The 2016 ESPYs were awarded on July 13, 2016. The ESPYs are the awards given to individuals and teams for athletic and other sports-related achievements.
Sgt. Elizabeth Marks, 25, an active duty U.S. Army Officer, was awarded the Pat Tillman Award for Service at the ESPYs. Her life has been about being in service in the military and in service to others.
Sgt. Marks used the sport of swimming to help her heal from serious injuries she received while serving as a combat medic with the U.S. Army in Iraq.
After Sgt. Marks was injured, she was struggling through rehab and facing discharge from the Army due to her injuries.
Everyone around her seemed to seemed to have the same negative point of view, that she would be forced to retire and discharged from the Army.
A little discouraged, she called her father, a Vietnam era veteran, for inspiration.
Her father told her to take out a piece of paper and write down what was most important to her.
All she could think off was, “Fit For Duty,” so she wrote down “FFD” on a little piece of brown military paper.
She used that little piece of paper, with the letters “FFD” to motivate herself through her struggles.
Instead of being discharged, she worked so hard at her rehab that she became a member of the U.S. Army’s World Class Athlete Program.
She worked her way back to being “fit for duty” and is still on active duty in U.S. Army today.
She also recently made headlines when she gave one of the four gold medals she won for swimming in the 2016 paralympic Invictus Games to Price Harry of England and asked him to present it to Papworth Hospital in England, as a thanks for saving her life in 2014.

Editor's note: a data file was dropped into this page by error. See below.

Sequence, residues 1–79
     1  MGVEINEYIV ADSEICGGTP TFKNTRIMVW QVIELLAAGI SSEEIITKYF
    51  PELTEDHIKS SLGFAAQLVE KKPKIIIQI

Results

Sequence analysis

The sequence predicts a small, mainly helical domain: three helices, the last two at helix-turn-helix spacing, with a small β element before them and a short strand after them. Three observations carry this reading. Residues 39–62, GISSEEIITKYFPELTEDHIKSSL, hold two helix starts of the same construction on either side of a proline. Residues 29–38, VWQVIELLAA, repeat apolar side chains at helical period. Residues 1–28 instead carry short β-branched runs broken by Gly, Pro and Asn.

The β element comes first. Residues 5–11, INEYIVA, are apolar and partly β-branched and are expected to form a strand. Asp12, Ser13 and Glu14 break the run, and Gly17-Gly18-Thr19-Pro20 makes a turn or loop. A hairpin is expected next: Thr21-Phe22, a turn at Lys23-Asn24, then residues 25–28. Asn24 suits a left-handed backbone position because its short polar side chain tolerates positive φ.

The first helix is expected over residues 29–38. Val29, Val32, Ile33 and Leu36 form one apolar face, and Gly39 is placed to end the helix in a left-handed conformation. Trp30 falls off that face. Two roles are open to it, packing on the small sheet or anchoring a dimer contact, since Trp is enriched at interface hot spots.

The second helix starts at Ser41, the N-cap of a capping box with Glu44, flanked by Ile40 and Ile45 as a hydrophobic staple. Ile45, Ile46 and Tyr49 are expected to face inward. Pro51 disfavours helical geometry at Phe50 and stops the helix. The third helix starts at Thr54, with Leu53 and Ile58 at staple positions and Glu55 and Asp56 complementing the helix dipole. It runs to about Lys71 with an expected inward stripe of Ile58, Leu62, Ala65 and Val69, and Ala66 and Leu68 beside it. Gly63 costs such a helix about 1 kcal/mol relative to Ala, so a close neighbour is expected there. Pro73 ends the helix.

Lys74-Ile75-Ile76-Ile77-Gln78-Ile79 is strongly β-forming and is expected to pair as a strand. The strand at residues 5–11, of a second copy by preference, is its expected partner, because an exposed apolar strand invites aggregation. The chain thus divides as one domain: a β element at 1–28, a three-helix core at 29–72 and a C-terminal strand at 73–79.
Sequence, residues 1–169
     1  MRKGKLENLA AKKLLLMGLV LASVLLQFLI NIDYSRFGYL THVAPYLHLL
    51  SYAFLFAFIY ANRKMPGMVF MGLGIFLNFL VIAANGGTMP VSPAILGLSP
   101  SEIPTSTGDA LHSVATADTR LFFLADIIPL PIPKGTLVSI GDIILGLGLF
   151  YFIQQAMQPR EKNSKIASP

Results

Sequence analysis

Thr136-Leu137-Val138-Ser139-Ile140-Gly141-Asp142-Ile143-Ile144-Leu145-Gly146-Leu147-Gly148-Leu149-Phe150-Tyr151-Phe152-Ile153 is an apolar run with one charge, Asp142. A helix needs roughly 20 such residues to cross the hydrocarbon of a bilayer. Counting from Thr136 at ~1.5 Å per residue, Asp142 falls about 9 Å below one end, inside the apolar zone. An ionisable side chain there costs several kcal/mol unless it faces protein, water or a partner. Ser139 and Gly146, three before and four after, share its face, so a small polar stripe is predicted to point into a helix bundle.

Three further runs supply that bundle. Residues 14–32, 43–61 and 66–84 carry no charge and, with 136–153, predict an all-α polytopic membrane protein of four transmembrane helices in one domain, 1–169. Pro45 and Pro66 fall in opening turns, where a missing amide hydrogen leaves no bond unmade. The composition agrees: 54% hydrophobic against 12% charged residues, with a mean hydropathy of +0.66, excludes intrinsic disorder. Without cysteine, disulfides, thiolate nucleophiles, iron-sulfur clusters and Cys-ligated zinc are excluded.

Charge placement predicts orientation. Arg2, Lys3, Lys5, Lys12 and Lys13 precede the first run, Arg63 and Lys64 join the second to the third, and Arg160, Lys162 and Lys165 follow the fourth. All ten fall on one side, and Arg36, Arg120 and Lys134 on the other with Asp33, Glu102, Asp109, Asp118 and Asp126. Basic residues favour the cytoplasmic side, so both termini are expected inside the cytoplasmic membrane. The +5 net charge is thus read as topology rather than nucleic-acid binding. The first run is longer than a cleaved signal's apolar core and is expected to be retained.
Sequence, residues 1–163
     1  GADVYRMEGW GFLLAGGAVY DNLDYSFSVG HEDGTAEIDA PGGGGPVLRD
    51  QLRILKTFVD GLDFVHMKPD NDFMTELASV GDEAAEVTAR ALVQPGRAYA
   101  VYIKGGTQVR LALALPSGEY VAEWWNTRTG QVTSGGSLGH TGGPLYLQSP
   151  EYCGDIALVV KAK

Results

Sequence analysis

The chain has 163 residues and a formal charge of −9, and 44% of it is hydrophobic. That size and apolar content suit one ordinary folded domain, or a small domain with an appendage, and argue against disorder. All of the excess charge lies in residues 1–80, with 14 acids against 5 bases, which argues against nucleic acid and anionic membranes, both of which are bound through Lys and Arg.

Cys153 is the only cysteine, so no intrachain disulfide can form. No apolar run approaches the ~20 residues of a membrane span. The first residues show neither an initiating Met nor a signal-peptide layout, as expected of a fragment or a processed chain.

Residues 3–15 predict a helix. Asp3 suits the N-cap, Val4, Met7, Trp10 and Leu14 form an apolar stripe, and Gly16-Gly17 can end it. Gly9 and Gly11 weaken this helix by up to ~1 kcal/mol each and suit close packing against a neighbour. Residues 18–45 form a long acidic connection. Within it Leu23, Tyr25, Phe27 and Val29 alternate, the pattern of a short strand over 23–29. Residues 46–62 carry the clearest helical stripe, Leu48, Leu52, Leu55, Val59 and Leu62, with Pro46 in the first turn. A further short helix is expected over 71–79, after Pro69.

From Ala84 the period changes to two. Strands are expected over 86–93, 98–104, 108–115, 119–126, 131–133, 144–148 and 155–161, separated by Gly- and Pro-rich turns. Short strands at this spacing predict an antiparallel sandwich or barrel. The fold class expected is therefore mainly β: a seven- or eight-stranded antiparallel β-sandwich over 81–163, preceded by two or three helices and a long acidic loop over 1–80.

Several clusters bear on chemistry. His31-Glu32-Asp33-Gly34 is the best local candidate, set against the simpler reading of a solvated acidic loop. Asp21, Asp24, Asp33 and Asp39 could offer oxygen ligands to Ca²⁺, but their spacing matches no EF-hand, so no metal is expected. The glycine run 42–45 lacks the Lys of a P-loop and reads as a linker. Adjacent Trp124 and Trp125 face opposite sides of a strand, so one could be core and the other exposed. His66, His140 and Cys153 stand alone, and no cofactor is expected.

Sgt. Marks became seriously ill with a life threatening lung condition and had to be put into an induced coma at Papworth Hospital just before the 2104 Invictus Games. That induced coma ultimately saved her life.
Sgt. Marks gave a very inspirational acceptance speech at the ESPYs.
She ended her speech by saying:
“If you’re struggling, if you’re hurting… if you ever think you’re alone. You’re not. Whenever you think no one cares, I do.”
You do not have be in the armed forces or have been severely injured to be “fit for duty” in your own life.
“What is your edge of being Fit For Duty?“
So how can you be Fit For Duty in your own life? Here are four ways:
1. Write Down The Things That Are Most Important to You in Your Own Life Right Now
Take out a piece of paper. Write down what the most important things in your life right at this moment. Important things like your significant other, your children, your health, your weight, your pets, etc.
Be sure to include everything that is important to you.
2. Create Your Own Fit For Duty Slogan
Summarize those important things from your list into your own personal slogan or your own personal acronym. Write that slogan or acronym on sticky notes and place them around your home and work environment.
Repeat that slogan or personal acronym several times daily. Use it to inspire you and keep you focused.
3. Create A List of Action Steps Based on Your Own Fit For Duty Slogan
You need more than a slogan to be Fit For Duty in your own life. You need to take regular action steps. Make of a list of short term and long term action steps associated with your Fit For Duty slogan.
Review the list frequently and check out the action steps you have accomplished.
4. Being Fit For Duty in Your Own Life Also Means Being of Service to Others
If you are Fit For Duty in your own life, make sure to reach out and inspire others who are struggling in their own lives. Facing adversity, the starting point for most people is the emotion of fear. The emotions opposite of fear are faith and love depending on your point of view.
Just remember if you are living in fear and struggling, just as Sgt. Marks said, you are not alone and there is always someone who cares…
Tell me at @SLeavich on Twitter this week how you are Fit For Duty in your own life with the hashtags: #fitforduty or #ffd.
Out There on the Edge of Everything®…
Stephen Lesavich, PhD
Co-author of the award-winning and best-selling book: The Plastic Effect: How Urban Legends Influence the Use and Misuse of Credit Cards.
Regular columnist: Positive Impact Magazine
Follow Stephen Lesavich, PhD on Twitter: @SLesavich
Copyright © 2016, by Stephen Lesavich, PhD. All rights reserved.
Photo credit: Image courtesy of cooldesigns at FreeDigitalPhotos.net